The Society of Saint Josaphat condemns ecumenism with the Orthodox currently practised by both the Holy See and the Ukrainian Catholic Church. Instead the society promotes Catholic missionary activities among the Orthodox, who are not in communion with the Holy See. In Persecuted Tradition, Basil Kovpak cites numerous examples of the UGCC turning away Orthodox clergy and laity who wish to convert. In many cases, he alleges, this is because the converts are not ethnically Ukrainian.
In 2003, Cardinal Lubomyr Husar excommunicated SSJK superior Kovpak from the Ukrainian Greek Catholic Church. Kovpak appealed this punishment at the Roman Rota in Vatican City and the excommunication was declared null and void by reason of a lack of canonical form.
On 22 November 2006, Bishop Richard Williamson who was then a member of the Society of St. Pius X (SSPX), ordained two priests and seven deacons in Warsaw, Poland, for the SSJK, in violation of canon 1015 §2, and of canons 1021 and 1331 §2 of the Code of Canon Law, and the corresponding canons of the Code of Canons of the Eastern Churches. An SSPX priest who was present remarked, "We were all very edified by their piety, and I myself was astonished by the resemblance of the atmosphere amongst the seminarians with that which I knew in the seminary – this in spite of the difference of language, nationality and even rite."
Archbishop Ihor Vozniak of Lviv (the archdiocese in which Kovpak is incardinated) denounced Williamson's action as a "criminal act" and condemned Kovpak's participation in the ceremony. He stressed that the two priests that Williamson had ordained would not receive faculties within the archeparchy. Officials of the Lviv archdiocese said that Kovpak could face excommunication, and that "'he deceives the church by declaring that he is a Greek (Byzantine) Catholic priest,' while supporting a group [SSPX] that uses the old Latin liturgy exclusively, eschewing the Byzantine tradition, and does not maintain allegiance to the Holy See." Accordingly, Kovpak's excommunication process was restarted by the hierarchy of the Ukrainian Greek-Catholic Church and confirmed by the Congregation for the Doctrine of the Faith on 23 November 2007.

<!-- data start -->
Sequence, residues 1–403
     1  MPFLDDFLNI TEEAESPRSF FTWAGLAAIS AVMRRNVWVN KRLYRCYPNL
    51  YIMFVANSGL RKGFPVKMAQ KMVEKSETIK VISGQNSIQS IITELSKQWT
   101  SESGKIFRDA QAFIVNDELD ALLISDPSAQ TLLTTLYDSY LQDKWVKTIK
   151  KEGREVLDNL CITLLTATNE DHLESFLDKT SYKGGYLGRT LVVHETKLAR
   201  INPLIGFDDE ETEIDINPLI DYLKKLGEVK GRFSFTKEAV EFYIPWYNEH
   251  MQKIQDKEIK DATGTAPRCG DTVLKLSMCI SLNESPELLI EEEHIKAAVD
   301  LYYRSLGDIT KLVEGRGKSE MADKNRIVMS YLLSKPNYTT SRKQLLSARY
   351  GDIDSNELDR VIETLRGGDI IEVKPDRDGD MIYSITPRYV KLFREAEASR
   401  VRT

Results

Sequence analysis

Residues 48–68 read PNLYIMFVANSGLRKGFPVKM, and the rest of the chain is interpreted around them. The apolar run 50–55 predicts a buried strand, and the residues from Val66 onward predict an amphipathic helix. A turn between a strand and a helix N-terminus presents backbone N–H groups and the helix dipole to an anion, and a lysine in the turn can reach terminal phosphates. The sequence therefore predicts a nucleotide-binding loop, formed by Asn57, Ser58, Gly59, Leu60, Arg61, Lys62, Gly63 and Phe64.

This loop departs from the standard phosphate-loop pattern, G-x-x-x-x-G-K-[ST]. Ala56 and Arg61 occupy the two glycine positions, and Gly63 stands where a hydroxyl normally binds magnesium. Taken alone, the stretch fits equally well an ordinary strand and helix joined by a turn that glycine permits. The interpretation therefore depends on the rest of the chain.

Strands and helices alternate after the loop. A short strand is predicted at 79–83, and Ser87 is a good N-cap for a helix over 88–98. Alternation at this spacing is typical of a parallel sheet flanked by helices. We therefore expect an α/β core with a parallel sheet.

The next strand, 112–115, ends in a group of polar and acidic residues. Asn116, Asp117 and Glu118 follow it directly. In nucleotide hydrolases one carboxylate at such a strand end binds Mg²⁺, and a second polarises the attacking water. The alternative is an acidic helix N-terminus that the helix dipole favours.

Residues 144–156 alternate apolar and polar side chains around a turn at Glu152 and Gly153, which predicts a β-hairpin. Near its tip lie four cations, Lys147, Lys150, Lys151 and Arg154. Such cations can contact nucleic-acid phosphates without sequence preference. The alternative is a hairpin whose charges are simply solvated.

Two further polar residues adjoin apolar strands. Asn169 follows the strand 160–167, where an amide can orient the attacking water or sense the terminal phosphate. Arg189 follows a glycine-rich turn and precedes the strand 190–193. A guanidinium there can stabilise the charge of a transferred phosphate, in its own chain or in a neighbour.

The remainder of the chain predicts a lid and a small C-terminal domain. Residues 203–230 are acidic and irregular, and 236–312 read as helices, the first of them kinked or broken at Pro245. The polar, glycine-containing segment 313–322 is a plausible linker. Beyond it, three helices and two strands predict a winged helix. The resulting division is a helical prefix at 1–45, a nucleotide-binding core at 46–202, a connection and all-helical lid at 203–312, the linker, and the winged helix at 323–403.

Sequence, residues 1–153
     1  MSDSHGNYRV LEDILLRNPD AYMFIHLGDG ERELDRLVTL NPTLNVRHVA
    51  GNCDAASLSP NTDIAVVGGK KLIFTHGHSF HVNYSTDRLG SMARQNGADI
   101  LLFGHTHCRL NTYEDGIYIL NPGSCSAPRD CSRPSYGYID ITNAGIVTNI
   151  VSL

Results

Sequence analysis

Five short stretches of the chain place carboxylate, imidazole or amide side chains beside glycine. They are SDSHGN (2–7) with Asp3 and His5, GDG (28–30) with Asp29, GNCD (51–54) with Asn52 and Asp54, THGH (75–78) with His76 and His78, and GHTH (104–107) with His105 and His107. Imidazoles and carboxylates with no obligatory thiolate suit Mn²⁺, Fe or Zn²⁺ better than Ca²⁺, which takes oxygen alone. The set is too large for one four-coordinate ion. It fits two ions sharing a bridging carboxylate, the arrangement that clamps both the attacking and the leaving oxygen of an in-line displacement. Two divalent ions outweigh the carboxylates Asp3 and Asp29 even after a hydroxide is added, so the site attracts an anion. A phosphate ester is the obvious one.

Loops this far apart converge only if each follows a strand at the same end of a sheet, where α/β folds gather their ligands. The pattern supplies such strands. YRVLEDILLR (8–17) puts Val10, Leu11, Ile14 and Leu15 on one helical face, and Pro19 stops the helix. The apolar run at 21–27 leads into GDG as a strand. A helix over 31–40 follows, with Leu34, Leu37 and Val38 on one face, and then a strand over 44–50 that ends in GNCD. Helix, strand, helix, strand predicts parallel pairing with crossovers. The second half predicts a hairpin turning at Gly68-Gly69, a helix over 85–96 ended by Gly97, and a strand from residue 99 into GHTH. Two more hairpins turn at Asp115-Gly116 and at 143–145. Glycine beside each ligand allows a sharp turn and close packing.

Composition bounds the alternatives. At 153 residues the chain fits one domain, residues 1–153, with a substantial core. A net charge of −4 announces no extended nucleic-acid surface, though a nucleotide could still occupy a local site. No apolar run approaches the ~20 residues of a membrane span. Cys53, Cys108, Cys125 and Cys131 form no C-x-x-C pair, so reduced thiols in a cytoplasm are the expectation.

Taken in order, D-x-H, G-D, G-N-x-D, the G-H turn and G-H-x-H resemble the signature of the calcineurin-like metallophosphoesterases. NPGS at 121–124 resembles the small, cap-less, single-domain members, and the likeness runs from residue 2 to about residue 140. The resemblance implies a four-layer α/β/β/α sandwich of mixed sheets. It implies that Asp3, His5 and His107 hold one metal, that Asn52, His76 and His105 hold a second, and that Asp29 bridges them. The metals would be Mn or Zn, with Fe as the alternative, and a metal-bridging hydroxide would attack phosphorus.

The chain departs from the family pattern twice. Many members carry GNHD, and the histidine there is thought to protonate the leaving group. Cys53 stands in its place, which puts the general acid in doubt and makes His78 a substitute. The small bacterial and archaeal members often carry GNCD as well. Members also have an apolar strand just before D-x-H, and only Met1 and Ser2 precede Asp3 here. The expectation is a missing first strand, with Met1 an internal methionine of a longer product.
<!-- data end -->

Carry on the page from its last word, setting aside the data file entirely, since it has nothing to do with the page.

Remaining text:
Father John Jenkins, a priest of the Society of St. Pius X, said in 2006 that the new archbishop of Lviv declared that his main task for the following year was to eradicate the "Lefebvrists" from his territory.
Although the Ukrainian Greek Catholic Church, with the backing of the Holy See, had thus declared Kovpak excommunicated and the Society of St. Josaphat lacking faculties for a ministry within the Catholic Church, they themselves maintain that, though they are in dispute with Lubomyr and, presumably, with his successor, Sviatoslav Shevchuk, and through their association with the Society of St Pius X, indirectly in dispute with the church hierarchy, they are loyal to the Pope and the Ukrainian Greek Catholic Church, and are merely resisting what they consider to be modernism, indifferentism, and liberalism.